O magazine contributing editor Stone tries to piece together the story of a South African woman whose racial classification under apartheid was changed three times.
Born in 1955 to Afrikaner parents who repeatedly swore that she was their biological child, Sandra Laing was raised as white until the age of ten, when she was sent home from boarding school because she appeared to be of mixed blood. Her father fought her reclassification as “Coloured” under the country’s Population Registration Act and succeeded in having her reclassified as “White” when she was 11. But at 15, Laing ran away with Petrus Zwane, a married, 25-year-old black man who took her to Swaziland. The text shows her to be unable or unwilling to articulate her motives for leaving home, though Stone tried hard to elicit them and speculates that fear of her harsh, unaffectionate, pro-apartheid father may have been one. Although life in Swaziland was hard, Laing found acceptance and affection there, especially from Petrus’s mother. She left Petrus when he became abusive, but stayed in the black community and asked to be reclassified as Coloured so that she would not risk losing her children. She lived with other black men and had more children, giving up three of them to the welfare system for several years when she was unable to care for them. When Stone contacted her, she was in her 40s and had from time to time been filmed and interviewed by journalists—to the chagrin of her white brothers and parents. The author had a hard time getting coherent information from Laing, who provided contradictory versions of significant events and relationships in her life, as well as her feelings about them.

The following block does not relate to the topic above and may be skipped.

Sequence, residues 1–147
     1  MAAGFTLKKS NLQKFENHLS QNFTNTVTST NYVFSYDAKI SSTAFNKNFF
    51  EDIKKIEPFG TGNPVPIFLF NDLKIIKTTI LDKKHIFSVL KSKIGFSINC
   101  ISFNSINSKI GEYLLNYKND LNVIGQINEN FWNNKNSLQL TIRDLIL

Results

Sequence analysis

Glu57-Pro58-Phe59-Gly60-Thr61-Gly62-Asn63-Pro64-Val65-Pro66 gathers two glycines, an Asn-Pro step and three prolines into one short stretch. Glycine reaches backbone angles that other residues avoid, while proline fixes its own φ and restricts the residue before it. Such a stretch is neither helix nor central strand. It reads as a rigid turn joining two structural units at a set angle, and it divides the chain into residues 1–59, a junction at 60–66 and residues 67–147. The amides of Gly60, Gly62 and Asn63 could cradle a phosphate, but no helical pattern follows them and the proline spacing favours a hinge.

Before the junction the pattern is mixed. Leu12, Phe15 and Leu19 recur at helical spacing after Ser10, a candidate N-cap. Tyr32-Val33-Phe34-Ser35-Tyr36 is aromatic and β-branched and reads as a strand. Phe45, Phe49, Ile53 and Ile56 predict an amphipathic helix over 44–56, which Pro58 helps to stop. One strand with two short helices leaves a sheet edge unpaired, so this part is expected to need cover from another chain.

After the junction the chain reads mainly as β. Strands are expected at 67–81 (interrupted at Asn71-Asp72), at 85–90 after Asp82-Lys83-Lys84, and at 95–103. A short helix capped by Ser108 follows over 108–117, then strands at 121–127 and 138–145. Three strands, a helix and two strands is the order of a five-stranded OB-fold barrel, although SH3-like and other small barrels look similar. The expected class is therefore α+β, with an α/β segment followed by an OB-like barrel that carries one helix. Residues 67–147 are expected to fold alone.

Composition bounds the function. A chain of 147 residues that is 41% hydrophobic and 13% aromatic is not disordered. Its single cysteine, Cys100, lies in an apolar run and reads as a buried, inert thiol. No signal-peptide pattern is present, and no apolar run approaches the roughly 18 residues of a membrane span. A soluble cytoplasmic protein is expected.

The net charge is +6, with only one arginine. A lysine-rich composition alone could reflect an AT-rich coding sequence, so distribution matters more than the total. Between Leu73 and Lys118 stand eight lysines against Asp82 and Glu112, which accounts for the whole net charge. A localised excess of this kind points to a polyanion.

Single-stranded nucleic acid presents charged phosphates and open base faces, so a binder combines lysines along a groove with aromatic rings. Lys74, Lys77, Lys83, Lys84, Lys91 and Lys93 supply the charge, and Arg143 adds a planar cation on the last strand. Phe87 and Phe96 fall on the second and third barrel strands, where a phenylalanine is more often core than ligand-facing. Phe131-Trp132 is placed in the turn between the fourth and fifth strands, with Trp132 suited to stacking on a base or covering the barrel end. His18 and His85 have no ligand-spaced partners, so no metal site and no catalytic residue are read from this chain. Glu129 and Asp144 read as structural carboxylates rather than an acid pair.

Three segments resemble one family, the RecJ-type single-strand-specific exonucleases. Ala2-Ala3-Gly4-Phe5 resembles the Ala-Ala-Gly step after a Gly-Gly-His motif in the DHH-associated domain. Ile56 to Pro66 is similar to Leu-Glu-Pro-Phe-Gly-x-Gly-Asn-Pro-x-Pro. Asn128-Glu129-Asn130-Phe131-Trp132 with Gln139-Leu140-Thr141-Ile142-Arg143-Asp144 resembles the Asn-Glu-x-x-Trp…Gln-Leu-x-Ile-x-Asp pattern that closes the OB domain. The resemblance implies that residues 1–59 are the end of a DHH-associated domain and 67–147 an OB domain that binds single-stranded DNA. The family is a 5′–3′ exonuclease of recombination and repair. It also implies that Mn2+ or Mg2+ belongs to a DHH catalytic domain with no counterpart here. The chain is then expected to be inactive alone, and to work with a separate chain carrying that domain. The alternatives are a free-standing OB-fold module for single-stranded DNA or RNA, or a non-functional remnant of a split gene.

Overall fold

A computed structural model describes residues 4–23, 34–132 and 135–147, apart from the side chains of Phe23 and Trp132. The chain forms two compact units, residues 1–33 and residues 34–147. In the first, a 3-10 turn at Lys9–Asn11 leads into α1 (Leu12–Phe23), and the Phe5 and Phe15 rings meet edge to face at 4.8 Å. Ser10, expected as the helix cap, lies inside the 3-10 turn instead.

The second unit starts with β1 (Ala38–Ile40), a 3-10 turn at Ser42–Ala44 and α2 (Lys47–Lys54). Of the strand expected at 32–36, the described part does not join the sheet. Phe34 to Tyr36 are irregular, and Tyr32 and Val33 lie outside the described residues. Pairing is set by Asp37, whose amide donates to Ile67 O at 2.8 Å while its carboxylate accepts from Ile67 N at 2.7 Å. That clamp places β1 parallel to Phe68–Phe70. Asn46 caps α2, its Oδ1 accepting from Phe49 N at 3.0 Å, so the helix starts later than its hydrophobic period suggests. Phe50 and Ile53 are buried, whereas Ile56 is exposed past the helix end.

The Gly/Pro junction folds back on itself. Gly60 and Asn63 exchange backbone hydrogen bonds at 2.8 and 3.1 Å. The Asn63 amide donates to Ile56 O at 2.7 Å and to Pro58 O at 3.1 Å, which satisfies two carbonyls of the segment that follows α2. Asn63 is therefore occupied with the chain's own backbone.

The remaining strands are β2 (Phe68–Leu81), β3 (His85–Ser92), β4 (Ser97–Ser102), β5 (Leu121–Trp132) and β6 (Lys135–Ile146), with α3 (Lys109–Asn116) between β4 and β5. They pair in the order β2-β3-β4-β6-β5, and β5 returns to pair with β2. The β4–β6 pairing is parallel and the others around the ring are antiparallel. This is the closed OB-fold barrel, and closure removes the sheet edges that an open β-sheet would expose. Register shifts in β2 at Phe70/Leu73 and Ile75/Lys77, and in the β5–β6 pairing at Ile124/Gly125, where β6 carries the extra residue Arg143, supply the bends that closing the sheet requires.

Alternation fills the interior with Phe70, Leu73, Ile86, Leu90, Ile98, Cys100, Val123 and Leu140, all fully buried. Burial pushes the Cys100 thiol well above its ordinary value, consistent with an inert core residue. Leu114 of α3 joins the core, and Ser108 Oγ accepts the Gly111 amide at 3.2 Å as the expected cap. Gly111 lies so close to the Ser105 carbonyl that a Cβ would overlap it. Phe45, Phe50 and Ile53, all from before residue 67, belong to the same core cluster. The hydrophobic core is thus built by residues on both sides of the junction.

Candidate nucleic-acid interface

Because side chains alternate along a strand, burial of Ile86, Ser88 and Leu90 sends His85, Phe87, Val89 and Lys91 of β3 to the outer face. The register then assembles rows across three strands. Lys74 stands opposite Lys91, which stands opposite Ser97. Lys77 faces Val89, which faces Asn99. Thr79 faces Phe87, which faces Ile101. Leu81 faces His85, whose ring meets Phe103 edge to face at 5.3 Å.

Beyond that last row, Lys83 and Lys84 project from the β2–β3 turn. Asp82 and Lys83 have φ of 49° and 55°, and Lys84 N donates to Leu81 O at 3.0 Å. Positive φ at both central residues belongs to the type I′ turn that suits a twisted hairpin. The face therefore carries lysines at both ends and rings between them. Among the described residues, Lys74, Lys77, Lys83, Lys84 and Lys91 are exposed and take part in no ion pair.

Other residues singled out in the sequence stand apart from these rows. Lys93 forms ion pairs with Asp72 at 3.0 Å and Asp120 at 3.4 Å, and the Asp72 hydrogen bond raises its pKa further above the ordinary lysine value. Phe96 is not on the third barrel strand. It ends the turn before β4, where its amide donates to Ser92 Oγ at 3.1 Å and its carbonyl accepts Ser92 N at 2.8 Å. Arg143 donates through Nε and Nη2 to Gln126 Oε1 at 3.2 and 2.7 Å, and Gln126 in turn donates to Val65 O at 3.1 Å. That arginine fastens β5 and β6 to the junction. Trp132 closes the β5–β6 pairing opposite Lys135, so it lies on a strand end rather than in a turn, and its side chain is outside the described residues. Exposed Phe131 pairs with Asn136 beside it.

Frustratingly sketchy as a biography, but a good portrait of the absurdities of apartheid and the grievous harm it inflicted.